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Jay R. Finley Jr.

"In War: Resolution. In Defeat: Defiance. In Victory: Magnanimity. In Peace: Good Will."

British Prime Minister Winston Churchill

On September 26, 1921, Jay R. Finley Sr. and Mary Jane Napier Finley became parents of a third son. Jay R. Finley Jr. joined a family that was continuing to grow; the 1920 Federal Census records three children: "Birgin" (most likely Byrd James), Charlie Mike, and Ruby. By 1930, according to the census, Jay Jr., "Bbery" [?] (most likely Absolom or "Abbie"), Yvonne, and Martha had joined the Finley family. The 1940 census records two more: Franklin Henry and Jacob Lindsay ("Jake"). Jay Jr.'s birth record indicates he was born at Braeholm in Logan County, West Virginia. Jay Sr. was listed in the 1920 census as a coal miner. However, the 1930 census lists him as a farmer, with the family living at Stonewall in Wayne County; perhaps his occupation changed as the Great Depression caused layoffs in struggling coal mines.

It appears, then, that Jay Jr. received his education in the public schools of Wayne County. There are some discrepancies in the public record regarding how many grades he completed. When he registered for the draft on February 16, 1942, he stated that he was not employed; he was in school (U.S. WWII Draft Cards Young Men, 1940-1947); he would have been nearly 21 years old at the time. Nonetheless, six months later, when he enlisted in the U.S. Army at Fort Thomas, Newport, Kentucky, the record indicates he had completed four years of high school and his civilian occupation was that of a semiskilled welder or flame cutter (U.S. World War II Army Enlistment Records, 1938-1946). At the time of his enlistment, he was single. Sometime between then and his death he married a woman named Mable Jo (also spelled Mabel). The city directory for Huntington, West Virginia, 1947, lists Jay's widow Mabel as living on 11th Avenue with the occupation of assembler, indicating she had not by then remarried.

Joining the Army Air Corps, Jay rose to the rank of staff sergeant as a member of the 32nd Squadron, 314th Troop Carrier Group. The 32nd Troop Carrier Squadron''s role in World War II is outlined in a publication of the Albert F. Simpson Historical Research Center and Office of Air Force History, and its timeline coincides with the time we know S/Sgt. Finley was in the Army Air Corps:

LINEAGE. Constituted 32d Transport Squadron on 28 Jan 1942. Activated on 2 Mar 1942. Redesignated 32d Troop Carrier Squadron on 4 Jul 1942. Inactivated on 30 Sep 1946.

ASSIGNMENTS. 314th Transport (later Troop Carrier) Group, 2 Mar 1942; 441st Troop Carrier Group, attached in Sep 1945; assigned Dec 1945-30 Sep 1946.

STATIONS. Drew Field, Fla, 2 Mar 1942; Bowman Field, Ky, 24 Jun 1942; Knobnoster, Mo, 5 Nov 1942; Lawson Field, Ga, 22 Feb-4 May 1943; Berguent, French Morocco, May 1943; Kairouan, Tunisia, 26 Jun 1943; Castelvetrano, Sicily, 1 Sep 1943-13 Feb 1944; Saltby, England, 20 Feb 1944; Poix, France 28 Feb 1945; Frankfurt, Germany, 23 Sep 1945-30 Sep 1946.

ARCRAFT. Principally C-47, 1942-1946.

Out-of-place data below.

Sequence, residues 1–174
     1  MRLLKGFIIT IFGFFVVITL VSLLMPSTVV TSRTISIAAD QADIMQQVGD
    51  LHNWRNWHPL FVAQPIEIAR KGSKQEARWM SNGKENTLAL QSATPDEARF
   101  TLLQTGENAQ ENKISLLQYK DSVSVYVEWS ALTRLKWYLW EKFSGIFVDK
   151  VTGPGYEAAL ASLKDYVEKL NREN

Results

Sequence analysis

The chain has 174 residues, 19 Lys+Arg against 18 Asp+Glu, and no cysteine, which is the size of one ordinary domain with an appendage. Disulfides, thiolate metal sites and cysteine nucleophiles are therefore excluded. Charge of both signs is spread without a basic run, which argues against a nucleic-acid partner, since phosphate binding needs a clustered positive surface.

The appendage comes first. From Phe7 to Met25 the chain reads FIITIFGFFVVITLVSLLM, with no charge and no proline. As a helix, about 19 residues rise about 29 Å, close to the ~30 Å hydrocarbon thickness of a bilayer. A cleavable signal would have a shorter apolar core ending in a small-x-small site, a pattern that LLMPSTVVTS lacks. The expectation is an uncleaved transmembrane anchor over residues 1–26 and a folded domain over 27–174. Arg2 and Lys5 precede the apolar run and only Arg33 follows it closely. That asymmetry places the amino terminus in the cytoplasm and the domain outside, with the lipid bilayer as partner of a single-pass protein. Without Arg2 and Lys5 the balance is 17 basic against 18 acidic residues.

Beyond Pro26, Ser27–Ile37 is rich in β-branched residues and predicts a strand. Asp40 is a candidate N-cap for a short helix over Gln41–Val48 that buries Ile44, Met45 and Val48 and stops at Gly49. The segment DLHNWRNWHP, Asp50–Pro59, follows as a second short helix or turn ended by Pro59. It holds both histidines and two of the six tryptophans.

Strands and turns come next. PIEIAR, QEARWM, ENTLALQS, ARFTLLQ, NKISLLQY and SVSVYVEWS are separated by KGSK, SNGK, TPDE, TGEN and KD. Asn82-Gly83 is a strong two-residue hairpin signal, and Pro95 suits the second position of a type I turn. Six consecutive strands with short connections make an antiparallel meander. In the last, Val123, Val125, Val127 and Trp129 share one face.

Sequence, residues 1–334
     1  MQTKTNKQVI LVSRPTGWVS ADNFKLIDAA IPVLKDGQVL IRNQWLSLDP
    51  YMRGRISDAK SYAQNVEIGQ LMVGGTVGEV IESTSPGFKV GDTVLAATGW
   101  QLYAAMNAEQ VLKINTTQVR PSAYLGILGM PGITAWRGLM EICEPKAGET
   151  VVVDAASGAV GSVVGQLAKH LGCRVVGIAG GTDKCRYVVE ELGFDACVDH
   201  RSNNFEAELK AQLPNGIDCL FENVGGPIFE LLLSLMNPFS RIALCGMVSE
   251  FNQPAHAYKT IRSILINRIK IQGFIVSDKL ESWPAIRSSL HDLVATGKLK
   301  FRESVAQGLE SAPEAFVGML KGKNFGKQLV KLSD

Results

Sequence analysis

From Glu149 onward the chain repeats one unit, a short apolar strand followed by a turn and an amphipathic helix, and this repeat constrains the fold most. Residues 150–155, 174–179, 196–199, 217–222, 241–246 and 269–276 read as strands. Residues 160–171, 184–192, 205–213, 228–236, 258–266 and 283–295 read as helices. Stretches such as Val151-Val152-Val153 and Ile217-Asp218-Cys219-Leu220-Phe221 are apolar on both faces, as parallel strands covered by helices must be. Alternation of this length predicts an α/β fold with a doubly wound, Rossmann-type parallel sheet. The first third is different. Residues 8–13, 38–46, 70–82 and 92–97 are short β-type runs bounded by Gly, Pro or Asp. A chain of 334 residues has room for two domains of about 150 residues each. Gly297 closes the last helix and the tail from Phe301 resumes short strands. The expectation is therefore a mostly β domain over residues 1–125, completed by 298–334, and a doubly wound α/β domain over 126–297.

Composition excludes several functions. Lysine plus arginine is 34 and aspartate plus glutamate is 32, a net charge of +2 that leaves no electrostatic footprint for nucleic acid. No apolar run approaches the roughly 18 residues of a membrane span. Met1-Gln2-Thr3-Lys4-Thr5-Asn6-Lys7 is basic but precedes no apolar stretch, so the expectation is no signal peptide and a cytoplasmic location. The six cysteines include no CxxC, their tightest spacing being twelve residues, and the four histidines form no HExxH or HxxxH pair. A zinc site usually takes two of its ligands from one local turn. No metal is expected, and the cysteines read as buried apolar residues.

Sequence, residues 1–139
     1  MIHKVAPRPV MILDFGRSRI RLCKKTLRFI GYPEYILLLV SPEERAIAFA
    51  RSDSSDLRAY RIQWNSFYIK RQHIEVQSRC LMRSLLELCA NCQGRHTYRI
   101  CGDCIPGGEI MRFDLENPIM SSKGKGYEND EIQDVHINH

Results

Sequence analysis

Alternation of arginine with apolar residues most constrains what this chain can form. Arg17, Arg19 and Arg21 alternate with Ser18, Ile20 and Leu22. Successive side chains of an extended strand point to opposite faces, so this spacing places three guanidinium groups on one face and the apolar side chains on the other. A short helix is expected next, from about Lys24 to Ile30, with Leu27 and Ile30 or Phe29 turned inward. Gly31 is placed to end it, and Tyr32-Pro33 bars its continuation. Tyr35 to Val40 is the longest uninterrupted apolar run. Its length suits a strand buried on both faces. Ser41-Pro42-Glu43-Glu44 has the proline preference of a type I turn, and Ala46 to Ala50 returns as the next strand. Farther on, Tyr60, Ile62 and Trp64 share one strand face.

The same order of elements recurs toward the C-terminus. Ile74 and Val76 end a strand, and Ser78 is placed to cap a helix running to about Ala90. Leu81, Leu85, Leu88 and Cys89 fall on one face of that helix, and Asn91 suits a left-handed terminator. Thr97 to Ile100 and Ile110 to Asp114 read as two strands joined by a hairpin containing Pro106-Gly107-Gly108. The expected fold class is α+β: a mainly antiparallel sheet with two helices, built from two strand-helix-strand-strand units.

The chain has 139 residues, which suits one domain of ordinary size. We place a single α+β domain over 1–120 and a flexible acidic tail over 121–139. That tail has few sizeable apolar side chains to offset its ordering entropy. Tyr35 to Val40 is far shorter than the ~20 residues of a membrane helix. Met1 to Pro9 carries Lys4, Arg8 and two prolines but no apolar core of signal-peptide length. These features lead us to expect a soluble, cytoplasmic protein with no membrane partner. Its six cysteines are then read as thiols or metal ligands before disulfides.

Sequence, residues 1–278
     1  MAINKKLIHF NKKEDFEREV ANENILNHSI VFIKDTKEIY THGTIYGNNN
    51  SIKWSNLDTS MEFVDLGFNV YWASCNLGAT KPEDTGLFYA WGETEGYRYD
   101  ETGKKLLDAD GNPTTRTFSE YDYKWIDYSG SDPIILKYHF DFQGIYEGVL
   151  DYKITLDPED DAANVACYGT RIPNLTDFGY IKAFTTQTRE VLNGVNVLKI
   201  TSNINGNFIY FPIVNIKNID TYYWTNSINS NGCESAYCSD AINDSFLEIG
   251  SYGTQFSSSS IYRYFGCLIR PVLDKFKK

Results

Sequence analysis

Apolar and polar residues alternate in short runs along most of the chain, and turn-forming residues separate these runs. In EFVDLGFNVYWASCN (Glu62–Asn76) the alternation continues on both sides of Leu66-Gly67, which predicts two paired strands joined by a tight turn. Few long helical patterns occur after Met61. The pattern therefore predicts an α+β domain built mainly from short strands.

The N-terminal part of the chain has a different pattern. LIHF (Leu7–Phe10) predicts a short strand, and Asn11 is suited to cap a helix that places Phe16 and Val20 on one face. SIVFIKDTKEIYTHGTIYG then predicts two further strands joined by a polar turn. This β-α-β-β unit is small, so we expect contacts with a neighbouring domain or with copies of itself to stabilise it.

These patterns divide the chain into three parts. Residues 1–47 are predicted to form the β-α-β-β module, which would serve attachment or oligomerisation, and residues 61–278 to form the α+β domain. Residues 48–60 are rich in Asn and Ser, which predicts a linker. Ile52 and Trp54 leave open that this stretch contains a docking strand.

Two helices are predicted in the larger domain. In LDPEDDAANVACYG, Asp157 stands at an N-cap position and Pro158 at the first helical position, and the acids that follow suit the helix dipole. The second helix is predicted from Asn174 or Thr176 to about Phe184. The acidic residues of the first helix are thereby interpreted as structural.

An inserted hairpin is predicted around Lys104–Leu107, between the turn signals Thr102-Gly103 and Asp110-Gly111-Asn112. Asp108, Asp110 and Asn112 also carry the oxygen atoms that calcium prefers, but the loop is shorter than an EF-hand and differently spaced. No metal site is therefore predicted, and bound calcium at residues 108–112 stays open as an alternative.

OPERATIONS. Included airborne assaults on Sicily, Normandy, Holland, and Germany, as well as aerial transportation in the MTO and ETO, during World War II.

SERVICE STREAMERS. American Theater.

CAMPAIGNS. Sicily; Naples-Foggia; Rome-Arno; Normandy; Northern France; Rhineland; Central Europe.

DECORATIONS. Distinguished Unit Citations: Sicily, 11 Jul 1943; France [6-7] Jun 1944. (Maurer Maurer, ed., Combat Squadrons of the Air Force: World War II, 1981 [159-69], accessed 21 February 2020, https://media.defense.gov/2010/Dec/02/2001329899/-1/-1/0/AFD-101202-002.pdf.)

If S/Sgt. Finley was with the 32nd Squadron, 314th Troop Carrier Group, for his entire Air Force career, he would have joined the unit while at Bowman Field, Kentucky, early in its training phase. He would have seen action in North Africa and Sicily (Operation Husky) and then would be stationed in England preparing for D-Day: the attack on Normandy (Operation Overlord). He likely would have taken part in and survived Market Garden (September 17-25, 1944), as airborne troops were a large part of that operation. Although he is buried at Henri-Chapelle American Cemetery in Belgium, where many casualties of the Battle of the Bulge rest, his date of death (December 6, 1944) precedes that tragic encounter. Jay R. Finley Jr.'s death is listed as DNB; he may have died of illness, exposure to extreme cold, or in a non-battle airborne accident. At Henri-Chapelle, he rests in Grave 21, Row 9, Plot H. S/Sgt. Finley was awarded the Air Medal with three oak leaf clusters and the Purple Heart.
Grave marker for S/Sgt. Jay R. Finley Jr. at Henri-Chapelle American Cemetery at Liege, Belgium. <i>Find A Grave</i> courtesy Des Philippet

Grave marker for S/Sgt. Jay R. Finley Jr. at Henri-Chapelle American Cemetery at Liege, Belgium. Find A Grave courtesy Des Philippet

Angel Statue at Henri-Chapelle American Cemetery in Belgium. Courtesy American Battle Monuments Commission

Angel Statue at Henri-Chapelle American Cemetery in Belgium. Courtesy American Battle Monuments Commission

Article prepared by Patricia Richards McClure
February 2020


Jay R. Finley Jr.

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